Sudan’s Foreign Ministry on Tuesday accused the Rapid Support Forces (RSF) of attacking the headquarters of diplomatic missions in the capital Khartoum.
“The Ministry of Foreign Affairs expresses its deep regret and discontent over the rebel Rapid Support Forces’ illegal and immoral attacks on diplomatic headquarters and missions,” the ministry said in a statement.
“The desperate moves by the rebel Rapid Support Forces with armoured vehicles and heavy weapons among residential neighbourhoods and civilian places have put the headquarters and staff of diplomatic missions and international and regional organizations under imminent danger,” it said.
The ministry called on diplomatic missions to take caution and immediately report such events.
On Monday, an armoured vehicle belonging to the US embassy in Khartoum came under a hail of bullets, while the residence of the European Union ambassador to Sudan was also attacked.
The violent clashes renewed on Tuesday morning around the vicinity of the Sudanese army command and the presidential palace, Khartoum International Airport, and around some RSF bases south of the capital Khartoum, according to eyewitnesses.
Sudan has been witnessing armed clashes between the Sudanese army and the RSF in Khartoum and other areas outside the capital since April 15, with the two sides accusing each other of initiating the conflict. General Mohamed Hamdan Dagolo, better known as Hemedti, is the leader of the RSF. He is a key mover in the fast-escalating civil war, as he has been in other key moments in Sudan’s recent history.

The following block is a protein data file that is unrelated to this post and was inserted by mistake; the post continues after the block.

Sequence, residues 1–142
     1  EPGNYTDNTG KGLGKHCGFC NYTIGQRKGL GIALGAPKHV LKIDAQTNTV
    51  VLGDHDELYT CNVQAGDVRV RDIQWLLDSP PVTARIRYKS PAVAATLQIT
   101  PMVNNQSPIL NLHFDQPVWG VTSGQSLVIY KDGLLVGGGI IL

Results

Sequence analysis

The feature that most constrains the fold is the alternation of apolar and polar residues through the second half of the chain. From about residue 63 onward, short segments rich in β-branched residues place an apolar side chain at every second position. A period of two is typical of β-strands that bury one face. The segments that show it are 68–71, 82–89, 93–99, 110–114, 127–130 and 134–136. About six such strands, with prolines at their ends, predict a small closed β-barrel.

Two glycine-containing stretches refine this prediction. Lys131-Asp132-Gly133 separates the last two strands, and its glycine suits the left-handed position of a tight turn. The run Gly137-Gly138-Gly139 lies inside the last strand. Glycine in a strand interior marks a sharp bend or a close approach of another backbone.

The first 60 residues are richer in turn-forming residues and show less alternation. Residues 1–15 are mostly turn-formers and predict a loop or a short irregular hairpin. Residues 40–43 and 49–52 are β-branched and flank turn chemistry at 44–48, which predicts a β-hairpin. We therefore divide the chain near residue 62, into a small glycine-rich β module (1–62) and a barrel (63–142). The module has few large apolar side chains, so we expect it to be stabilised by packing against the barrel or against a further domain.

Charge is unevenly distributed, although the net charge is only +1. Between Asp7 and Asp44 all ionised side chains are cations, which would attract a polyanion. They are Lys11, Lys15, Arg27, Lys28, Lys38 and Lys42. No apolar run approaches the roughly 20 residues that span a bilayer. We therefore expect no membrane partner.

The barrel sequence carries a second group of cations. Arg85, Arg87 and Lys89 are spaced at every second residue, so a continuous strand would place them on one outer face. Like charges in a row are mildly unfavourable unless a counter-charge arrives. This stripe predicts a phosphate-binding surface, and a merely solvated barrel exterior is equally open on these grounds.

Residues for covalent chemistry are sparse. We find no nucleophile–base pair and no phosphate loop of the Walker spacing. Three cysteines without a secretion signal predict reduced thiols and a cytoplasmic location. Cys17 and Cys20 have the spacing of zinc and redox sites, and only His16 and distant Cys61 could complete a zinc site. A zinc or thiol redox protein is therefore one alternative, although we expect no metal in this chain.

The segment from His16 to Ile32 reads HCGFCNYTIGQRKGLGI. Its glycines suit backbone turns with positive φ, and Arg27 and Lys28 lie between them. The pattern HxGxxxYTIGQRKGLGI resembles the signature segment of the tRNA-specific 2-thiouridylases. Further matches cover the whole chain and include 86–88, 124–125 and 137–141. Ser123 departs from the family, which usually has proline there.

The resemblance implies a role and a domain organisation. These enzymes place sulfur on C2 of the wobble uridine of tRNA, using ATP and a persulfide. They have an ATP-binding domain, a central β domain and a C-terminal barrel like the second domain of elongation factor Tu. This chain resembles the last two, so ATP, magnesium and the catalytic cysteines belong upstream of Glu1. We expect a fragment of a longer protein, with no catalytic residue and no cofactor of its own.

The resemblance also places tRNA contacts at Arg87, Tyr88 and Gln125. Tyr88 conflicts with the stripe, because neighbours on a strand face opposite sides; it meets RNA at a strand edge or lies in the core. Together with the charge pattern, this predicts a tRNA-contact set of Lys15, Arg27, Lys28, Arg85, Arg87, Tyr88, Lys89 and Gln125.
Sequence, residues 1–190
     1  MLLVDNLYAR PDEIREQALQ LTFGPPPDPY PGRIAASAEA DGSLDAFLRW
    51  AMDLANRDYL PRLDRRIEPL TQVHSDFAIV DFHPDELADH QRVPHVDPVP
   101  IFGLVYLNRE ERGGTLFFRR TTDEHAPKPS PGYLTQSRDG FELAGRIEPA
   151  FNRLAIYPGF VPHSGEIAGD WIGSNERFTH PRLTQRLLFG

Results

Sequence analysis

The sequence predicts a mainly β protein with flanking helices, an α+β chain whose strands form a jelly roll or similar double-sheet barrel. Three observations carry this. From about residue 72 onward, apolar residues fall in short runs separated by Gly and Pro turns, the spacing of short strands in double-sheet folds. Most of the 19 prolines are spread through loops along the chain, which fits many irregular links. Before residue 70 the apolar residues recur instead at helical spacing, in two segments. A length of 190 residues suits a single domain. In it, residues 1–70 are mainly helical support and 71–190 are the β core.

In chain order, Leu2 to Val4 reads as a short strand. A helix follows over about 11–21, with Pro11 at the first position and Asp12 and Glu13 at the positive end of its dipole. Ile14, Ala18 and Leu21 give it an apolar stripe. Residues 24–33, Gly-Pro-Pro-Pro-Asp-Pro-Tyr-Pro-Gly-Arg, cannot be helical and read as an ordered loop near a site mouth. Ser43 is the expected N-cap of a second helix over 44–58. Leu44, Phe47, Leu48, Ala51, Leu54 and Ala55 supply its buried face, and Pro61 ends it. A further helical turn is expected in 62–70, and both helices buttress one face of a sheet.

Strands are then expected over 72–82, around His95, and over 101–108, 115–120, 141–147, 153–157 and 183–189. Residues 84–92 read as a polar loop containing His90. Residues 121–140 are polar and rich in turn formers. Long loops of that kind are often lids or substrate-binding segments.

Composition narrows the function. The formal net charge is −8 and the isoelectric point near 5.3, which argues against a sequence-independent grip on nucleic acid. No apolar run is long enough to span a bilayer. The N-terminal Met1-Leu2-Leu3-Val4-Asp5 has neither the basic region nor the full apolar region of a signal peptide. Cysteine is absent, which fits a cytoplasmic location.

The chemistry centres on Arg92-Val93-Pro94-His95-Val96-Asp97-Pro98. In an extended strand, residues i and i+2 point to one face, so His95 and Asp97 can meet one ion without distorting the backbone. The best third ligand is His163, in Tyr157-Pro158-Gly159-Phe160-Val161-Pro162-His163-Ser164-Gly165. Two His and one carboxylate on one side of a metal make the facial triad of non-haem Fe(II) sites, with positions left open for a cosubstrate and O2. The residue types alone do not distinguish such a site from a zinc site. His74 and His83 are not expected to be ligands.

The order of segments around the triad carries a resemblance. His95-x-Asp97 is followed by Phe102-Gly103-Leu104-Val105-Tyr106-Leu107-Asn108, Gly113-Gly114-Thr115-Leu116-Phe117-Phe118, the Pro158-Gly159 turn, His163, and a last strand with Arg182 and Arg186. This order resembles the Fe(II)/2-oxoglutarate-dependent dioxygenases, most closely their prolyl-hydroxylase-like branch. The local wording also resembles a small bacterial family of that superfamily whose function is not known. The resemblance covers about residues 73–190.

The tension between the two military forces has escalated since Wednesday in the Merowe region in northern Sudan, after the RSF moved military vehicles to a location near the military air base there, a move that the army considered illegal.
Deep differences have emerged between the Sudanese army and the RSF, particularly regarding the latter’s integration into the army as stipulated in a framework agreement signed between military and civilian leaders on Dec. 5, 2022.